Producing Scientific Diagrams Which Reveal the Relevant Scale @EdwardTufte

Learning how to produce informative and detailed graphical representations of the equipment used for experiments is a critical skill that takes practice and requires detailed knowledge of what is truly important about each component of the apparatus.

For the Single Atom Microscope (SAM) project, we designed and assembled a prototype gas handling system (GHS) which is used to purify, monitor, and control the Neon gas used to grow the solid transparent cryogenic thin films that trap our guest atoms. The purity of the film is critical since it determines the optical transparency of the film as well as the amount of competing optical backgrounds from impurity atoms and molecules. Below is a photograph of the setup:

2017-09-15 18.48.59.jpg

Literal Image of the Setup

From just this picture, it is difficult to understand how this apparatus operated, what the components are, and the functional relationship between the components. What is needed is an abstracted schematic or cartoon model of the setup. Below is a first draft of a diagram made by Fry depicting this apparatus:

Gas_Handling_Setup_Diagram-first draft

First Draft (by Fry Fang)

All of the main components are present and the flow of the Ne gas through the system is readily apparent. However, there is essentially no information given which allows the audience to critically evaluate the relevant scale. The most common mistake that my students make is thinking that the relevant scale is simply the dimensions of the equipment and their locations. As a consequence, they often just take a picture of the equipment with their cell phone and paste it into their logbook. A photograph of equipment with no annotations rarely contains any useful information.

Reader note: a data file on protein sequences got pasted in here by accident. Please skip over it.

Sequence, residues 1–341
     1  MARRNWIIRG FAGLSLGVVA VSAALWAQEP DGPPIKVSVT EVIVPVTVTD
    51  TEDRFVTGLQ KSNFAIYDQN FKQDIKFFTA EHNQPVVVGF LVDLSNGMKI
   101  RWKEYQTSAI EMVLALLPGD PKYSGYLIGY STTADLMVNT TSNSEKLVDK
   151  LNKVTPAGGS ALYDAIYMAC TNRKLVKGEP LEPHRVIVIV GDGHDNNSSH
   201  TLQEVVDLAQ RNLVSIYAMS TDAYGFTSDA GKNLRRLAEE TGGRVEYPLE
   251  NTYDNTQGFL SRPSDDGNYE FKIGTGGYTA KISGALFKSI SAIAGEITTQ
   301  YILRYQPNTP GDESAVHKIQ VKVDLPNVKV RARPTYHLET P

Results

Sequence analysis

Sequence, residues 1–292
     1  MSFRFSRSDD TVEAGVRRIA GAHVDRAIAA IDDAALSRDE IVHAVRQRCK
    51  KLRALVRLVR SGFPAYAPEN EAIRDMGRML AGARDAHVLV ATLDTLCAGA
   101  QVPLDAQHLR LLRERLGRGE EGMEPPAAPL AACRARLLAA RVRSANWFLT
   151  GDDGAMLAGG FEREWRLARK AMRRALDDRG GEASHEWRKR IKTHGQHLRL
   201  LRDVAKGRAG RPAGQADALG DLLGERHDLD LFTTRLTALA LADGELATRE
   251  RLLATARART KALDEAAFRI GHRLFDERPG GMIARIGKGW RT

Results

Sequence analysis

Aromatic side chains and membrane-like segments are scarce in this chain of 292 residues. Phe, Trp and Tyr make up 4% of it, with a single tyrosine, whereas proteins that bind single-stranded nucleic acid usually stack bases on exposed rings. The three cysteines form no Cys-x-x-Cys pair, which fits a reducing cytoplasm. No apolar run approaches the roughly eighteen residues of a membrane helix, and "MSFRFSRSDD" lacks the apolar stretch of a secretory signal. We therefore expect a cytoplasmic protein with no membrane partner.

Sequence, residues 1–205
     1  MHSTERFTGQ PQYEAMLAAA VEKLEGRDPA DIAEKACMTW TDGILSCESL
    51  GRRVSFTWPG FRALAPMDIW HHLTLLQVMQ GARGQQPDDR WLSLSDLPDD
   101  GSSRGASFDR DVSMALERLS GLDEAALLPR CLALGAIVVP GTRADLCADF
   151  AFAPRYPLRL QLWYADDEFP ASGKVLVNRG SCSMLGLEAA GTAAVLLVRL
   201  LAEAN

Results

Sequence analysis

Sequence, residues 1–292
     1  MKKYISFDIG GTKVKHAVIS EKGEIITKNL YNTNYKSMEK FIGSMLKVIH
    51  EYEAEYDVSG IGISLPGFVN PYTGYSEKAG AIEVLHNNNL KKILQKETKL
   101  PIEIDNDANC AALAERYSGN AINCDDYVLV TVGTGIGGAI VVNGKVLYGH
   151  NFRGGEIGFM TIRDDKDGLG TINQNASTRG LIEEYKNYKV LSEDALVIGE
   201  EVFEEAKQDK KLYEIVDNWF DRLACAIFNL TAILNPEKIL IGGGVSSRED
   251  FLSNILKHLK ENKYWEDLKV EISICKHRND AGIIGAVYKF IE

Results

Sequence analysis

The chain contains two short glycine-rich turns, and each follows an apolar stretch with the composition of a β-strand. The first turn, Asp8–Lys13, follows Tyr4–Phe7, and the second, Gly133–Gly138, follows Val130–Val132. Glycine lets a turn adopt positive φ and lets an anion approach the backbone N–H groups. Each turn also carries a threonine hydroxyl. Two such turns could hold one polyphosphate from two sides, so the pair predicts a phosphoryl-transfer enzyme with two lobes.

In this particular case, the relevant scale is the degree of purity that can be achieved in the Ne gas just after it leaves that GHS and enters the LHe cryostat. Note the improvements in the diagram:

  1. The components are drawn with just enough detail that the audience can determine what the components are as well as identity them in real life.
  2. The model number and relevant parameters for each component is listed nearby without the use of a dreaded “lookup table” which was in the first draft.
  3. The functional relationship between each component and the order of operations can be easily determined by following the arrows.

Fourth and Penultimate Draft. This the last prepublication version of this diagram. (by Fry Fang)

A publication quality version of this diagram would require careful consideration of the choice of typeface and the size of the text as well making choices about what information needs to be moved into the caption. One of my colleagues, Brian Patton (black shirt/sunglasses), is exceptionally good at this and one example can be found in Figure 1 of this paper:

All-Optical Vector Atomic Magnetometer, B. Patton, E. Zhivun, D. C. Hovde, and D. Budker, Phys. Rev. Lett. 113, 013001 – Published 1 July 2014

Additional information and guidance can be found in the books of Edward Tufte. One example that I particularly like is his effective technique to label many components of a complex object, see here for a discussion of The Ear Diagram. The goal is not to hide the complexity but to explain it in an informative way. -JTS